1961986_808783805816520_1941380670_oWe are walking in the JDRF San Diego Chapter Walk to Cure Diabetes. If you would like to donate to us, you can do so here. We are walking with our Canine Hope family, and we all had some new hardware made for the dogs, these awesome CH collars. I took the dogs outside to get some pictures of the collars. The kids were in the house playing with Angus.

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no-secrets-signI have spent a good deal of time telling you what to look for in a good DAD organization or a dog trainer. Here are a few things that should be a red flag/warning that will hopefully make you think about when you go through this process. More »

20140322-IMG_6757Raven is our wild child. She is our goof ball. She is our great at rally/agility/obedience work dog. She is the dog we allow brand new families to work the rally course with because she makes everyone look good. She is also our loose canon. More »

20140201-IMG_6534Our beautiful, lovable clown Raven have been with Stefanie, a Canine Hope for Diabetics dog trainer for the past couple of days. We have had a couple of issues that we were dealing with, and we took an opportunity to have Stefanie work with Raven and stay with her a few days.

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Both Major and Raven love Stefanie, seen here with them and tiny little Able who is here with us for real time scent training

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6909710362_01fc8100a4_bTraining a service dog is hard work, a very long process, and often times not very fun. There are so many variables from start to finish, that this is by no means an automated, assembly line kind of process. If and when a dog makes it to Service Dog (referred to as SD from here on out) status, it is almost magical! With that thought in mind, here are a few things you may not hear from your DAD organization, but if they are responsible and truly care, they should tell you. Keep in mind while a lot of this info is specific to diabetic alert dogs, it can be applied to other types of SD’s too. More »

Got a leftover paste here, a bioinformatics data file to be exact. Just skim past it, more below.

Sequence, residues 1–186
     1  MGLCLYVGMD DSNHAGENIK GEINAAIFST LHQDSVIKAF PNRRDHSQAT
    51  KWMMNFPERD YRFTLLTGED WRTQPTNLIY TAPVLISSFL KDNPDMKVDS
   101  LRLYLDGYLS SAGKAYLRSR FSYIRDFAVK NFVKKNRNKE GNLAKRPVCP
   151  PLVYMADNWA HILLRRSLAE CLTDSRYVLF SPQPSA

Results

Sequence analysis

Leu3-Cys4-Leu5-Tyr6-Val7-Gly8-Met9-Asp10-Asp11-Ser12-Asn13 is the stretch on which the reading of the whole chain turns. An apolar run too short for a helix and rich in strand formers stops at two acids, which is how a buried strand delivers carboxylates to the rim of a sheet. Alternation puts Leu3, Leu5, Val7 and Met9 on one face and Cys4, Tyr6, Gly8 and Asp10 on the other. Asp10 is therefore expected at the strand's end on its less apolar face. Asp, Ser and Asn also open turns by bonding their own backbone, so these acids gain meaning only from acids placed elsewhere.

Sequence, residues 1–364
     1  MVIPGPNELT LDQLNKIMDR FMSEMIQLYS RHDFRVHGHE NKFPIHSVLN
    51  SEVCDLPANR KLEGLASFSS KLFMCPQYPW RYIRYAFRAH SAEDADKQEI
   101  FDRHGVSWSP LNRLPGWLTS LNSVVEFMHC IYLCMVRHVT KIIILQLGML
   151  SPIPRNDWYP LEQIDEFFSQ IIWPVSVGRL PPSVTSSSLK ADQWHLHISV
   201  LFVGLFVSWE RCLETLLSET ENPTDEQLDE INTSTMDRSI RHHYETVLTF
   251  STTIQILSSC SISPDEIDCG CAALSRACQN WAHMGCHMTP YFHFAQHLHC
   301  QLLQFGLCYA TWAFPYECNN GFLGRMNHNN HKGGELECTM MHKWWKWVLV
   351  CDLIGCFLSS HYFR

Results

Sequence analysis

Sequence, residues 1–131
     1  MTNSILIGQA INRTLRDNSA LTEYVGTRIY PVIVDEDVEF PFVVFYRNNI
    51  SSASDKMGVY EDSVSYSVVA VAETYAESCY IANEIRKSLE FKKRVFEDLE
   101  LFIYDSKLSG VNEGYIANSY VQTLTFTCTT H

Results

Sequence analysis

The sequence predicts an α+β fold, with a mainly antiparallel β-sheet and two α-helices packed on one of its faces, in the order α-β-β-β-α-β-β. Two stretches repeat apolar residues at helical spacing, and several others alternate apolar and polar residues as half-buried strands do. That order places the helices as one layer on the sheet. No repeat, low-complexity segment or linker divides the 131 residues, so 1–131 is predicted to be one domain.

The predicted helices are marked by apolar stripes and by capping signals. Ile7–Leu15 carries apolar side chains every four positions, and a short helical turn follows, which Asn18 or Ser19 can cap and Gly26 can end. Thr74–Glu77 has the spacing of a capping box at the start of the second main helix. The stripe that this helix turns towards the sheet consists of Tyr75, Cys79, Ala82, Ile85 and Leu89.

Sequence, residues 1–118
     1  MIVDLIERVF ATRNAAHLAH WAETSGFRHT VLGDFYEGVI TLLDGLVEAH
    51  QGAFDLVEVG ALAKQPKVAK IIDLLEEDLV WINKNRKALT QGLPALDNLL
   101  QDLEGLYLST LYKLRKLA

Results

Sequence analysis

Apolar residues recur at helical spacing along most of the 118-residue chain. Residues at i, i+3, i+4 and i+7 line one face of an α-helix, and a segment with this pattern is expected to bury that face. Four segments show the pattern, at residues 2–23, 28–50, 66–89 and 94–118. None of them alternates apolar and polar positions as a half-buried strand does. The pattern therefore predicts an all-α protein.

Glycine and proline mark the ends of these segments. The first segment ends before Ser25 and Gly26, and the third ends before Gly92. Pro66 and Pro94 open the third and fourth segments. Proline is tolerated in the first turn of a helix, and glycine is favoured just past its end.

Today I am pleased to announce a special guest post written by Dorrie Nuttall. Many of you that follow us here know her as Luke’s mom (a young T1), self trainer of Jedi, and fellow member of our Canine Hope family. She has a huge following at her page on Facebook, where she provides wonderful information about diabetes, DAD’s, and being a parent of a type 1. That page is here: Saving Luke

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9178707077_27b02736cd_bThis may become part of a regular series in an effort to help you locate a great organization to get a diabetic alert dog from. First topic? How they raise their puppies. The first year of a dogs life is a very important time. Socialization, obedience training, maturity markers, vet care, there are so many milestones that need to be paid attention to, that how an organization raises their puppies should be an important part of your decision. More »

1548117_754204037941164_93245368_o1239441_519688824772260_297999567_n In case you didn’t know, we have 2 amazing, diabetes sniffing, low blood sugar warning, high blood sugar alerting super dogs. A couple of days ago, I met someone while I was out and about with Raven. She was behind me in line, and asked about what service she provided. As i explained her job to her, she looked at me and said “is that all she does?”. I was taken aback for a second, and then I realized that once again, I was dealing with someone that perceives diabetes as a “not so serious, user fixable” disease. And it was one of those days that I just didn’t need the aggravation. I was buying a replacement part to fix our only toilet, and was kinda in a hurry 🙂  So here is my open letter to the “woman standing behind me at Home Depot”

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